yoga for diabetes

Is Yoga for You?

Yoga is no longer a buzz word, nowadays everybody and their mother does yoga. But it wasn’t always like that. Fifteen years ago yoga was still the new kid on the block. There was a vibe about yoga; real, simple and honest. In 2015, Yoga is reaching its saturation point and perhaps your thinking, “yoga just isn’t my style, it’s too commercial, too ZEN.”

I totally understand. My first yoga class was hell.

Back in the day, and I’m talking 1985, Pilates was IN. On any given day you’d find me hanging upside down in gravity boots. On one such occasion an Indian lady showed up and announced that she was offering a yoga class.

I actually can’t remember why I signed up, but I did. Turns out I was the only student. How embarrassing! I felt like an idiot bending and stretching in ways that hurt. She wasn’t like the nice bubbly yoga teachers we have today either. She was mean and precise. She barked at me and slapped my thighs.  She was downright aggressive at times. I tried to slink out of there halfway through the class, but she strapped me into a chair. I couldn’t get away fast enough and was sure that yoga was NOT for me…

But life has a way of making other plans.

Yoga for diabetes

What to do when all your friends are doing yoga? Eventually you bite the bullet forget that first experience and give it a really good try. I still felt like an idiot, especially when it came to the relaxation part of the class, but gradually it worked its magic on me.

Imagine a candle being slowly sculpted into a flower. That’s how yoga changed me over the years. I can remember feeling challenged to go beyond limits, struggling to master some small detail and feeling warm and nurtured by the end of the session. The more I practiced the more I sensed something shaping me from the inside, something familiar yet indescribable.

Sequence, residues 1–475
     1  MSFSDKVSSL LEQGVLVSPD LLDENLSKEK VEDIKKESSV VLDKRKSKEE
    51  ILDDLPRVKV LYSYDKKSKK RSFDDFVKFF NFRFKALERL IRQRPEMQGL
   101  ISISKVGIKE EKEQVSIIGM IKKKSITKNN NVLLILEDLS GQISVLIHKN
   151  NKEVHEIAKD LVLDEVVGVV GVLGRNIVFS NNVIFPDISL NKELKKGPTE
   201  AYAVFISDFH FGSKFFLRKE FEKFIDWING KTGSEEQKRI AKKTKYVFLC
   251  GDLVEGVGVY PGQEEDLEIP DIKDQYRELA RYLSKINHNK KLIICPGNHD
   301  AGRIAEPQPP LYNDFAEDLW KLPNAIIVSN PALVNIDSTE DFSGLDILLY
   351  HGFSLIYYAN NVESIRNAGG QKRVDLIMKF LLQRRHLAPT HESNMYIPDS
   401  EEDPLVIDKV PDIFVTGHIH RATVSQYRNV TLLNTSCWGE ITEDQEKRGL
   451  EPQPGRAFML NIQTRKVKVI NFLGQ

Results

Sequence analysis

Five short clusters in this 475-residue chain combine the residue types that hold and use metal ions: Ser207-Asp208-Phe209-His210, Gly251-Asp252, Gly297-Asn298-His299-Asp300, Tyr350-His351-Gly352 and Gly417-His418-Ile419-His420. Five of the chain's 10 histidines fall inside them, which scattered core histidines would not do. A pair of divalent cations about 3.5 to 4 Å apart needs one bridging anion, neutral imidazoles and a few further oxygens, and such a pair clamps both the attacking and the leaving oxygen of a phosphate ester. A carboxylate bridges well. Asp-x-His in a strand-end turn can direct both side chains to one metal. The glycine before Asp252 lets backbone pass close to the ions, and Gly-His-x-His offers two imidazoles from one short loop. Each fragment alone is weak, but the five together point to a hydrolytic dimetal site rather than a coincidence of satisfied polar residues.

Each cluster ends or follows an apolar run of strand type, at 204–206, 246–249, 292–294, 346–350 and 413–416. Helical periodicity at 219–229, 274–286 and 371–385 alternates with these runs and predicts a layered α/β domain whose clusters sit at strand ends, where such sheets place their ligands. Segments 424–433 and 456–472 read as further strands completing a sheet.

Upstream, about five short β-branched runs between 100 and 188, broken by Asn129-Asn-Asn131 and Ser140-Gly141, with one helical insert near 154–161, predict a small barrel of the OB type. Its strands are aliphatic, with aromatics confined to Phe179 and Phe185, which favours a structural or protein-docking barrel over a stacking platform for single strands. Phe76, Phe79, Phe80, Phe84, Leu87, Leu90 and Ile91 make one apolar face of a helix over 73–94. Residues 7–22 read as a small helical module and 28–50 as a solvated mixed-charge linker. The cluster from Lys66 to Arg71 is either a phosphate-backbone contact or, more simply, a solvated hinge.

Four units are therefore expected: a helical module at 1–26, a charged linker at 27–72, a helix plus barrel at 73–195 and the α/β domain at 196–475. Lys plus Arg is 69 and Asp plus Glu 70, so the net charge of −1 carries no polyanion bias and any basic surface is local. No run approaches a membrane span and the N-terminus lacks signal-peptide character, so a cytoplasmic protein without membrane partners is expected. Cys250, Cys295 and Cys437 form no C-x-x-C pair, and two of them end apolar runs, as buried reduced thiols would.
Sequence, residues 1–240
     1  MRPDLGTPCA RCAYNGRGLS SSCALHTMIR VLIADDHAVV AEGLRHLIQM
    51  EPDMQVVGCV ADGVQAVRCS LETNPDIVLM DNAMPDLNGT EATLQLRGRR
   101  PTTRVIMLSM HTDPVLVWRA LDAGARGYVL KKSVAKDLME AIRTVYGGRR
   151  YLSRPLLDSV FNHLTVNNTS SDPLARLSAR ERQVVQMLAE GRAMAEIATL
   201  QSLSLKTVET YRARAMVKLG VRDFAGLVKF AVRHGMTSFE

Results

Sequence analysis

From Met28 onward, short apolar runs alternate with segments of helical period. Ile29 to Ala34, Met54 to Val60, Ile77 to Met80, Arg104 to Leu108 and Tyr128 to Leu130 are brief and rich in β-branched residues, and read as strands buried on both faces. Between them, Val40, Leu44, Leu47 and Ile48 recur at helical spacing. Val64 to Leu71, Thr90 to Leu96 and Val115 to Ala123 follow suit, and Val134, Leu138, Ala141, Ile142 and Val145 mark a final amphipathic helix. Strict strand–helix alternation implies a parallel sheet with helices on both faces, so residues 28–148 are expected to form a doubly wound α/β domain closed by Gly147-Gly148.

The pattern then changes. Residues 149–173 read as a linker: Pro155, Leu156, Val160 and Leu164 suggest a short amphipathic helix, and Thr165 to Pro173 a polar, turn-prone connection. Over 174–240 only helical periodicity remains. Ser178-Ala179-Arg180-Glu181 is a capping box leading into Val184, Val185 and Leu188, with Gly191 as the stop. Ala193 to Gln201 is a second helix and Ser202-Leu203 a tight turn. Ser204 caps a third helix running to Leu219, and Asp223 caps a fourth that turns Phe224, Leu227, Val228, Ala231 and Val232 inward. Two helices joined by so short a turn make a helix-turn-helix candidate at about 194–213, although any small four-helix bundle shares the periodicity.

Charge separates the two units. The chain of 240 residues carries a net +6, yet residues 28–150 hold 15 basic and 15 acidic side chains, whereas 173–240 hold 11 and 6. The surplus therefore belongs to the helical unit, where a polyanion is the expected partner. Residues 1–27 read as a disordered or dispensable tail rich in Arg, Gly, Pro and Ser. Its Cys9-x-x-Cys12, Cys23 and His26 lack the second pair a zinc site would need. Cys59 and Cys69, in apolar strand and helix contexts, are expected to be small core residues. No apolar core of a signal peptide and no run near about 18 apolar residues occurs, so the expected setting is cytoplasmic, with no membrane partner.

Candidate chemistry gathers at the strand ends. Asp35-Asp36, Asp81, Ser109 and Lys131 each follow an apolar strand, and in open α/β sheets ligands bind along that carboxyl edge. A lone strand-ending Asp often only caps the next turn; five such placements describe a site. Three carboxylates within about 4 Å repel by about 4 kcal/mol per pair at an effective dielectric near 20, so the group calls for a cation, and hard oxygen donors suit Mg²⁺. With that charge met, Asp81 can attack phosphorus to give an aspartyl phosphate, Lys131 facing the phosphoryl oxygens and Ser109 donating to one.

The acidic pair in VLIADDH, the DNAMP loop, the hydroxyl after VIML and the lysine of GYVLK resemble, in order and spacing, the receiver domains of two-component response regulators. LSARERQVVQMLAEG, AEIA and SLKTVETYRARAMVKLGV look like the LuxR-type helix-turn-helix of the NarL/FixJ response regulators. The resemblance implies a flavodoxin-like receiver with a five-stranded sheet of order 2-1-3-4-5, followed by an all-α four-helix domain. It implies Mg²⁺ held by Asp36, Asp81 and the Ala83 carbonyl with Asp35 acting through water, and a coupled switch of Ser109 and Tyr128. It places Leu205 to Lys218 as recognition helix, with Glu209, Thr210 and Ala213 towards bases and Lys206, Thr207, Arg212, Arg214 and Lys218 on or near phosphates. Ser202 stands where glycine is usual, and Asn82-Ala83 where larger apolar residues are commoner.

Yoga begged me to explore things I only thought about in childhood? Questions like; why am I here? what’s life all about? what’s love? where’s happiness?

Everybody’s different. You might not be interested in all that woo-woo stuff. That doesn’t mean that yoga’s not for you. What’s so beautiful and exciting about the practice is that it’s not a one size fits all. There’s a yoga practice that’s right for you. Do you want to get fit and lose weight? Try dynamic yoga. Need to manage your stress? Check out yin and restorative yoga. Longing to increase your stamina? Why not experience the yoga of breath. Want to develop mindfulness? Explore meditation in conjunction with yoga.

Yoga for Diabetes

Ultimately any yoga practice should energise you, promote a calm and balanced state of mind, and support you in responding to the challenges that you face every day in trying to manage your health.

And yoga’s the ultimate stress buster !

Having a low? Yoga teaches you to slow down your breath and stay calm. Heading into a high while juggling kids, work and your relationship? A simple yoga practice will soothe you back into balance. Feeling overwhelmed, burnt out and just wishing the whole thing would go away? Yoga supports you in releasing pent up emotions and allowing for greater compassion, empathy and awareness.

yoga for diabetes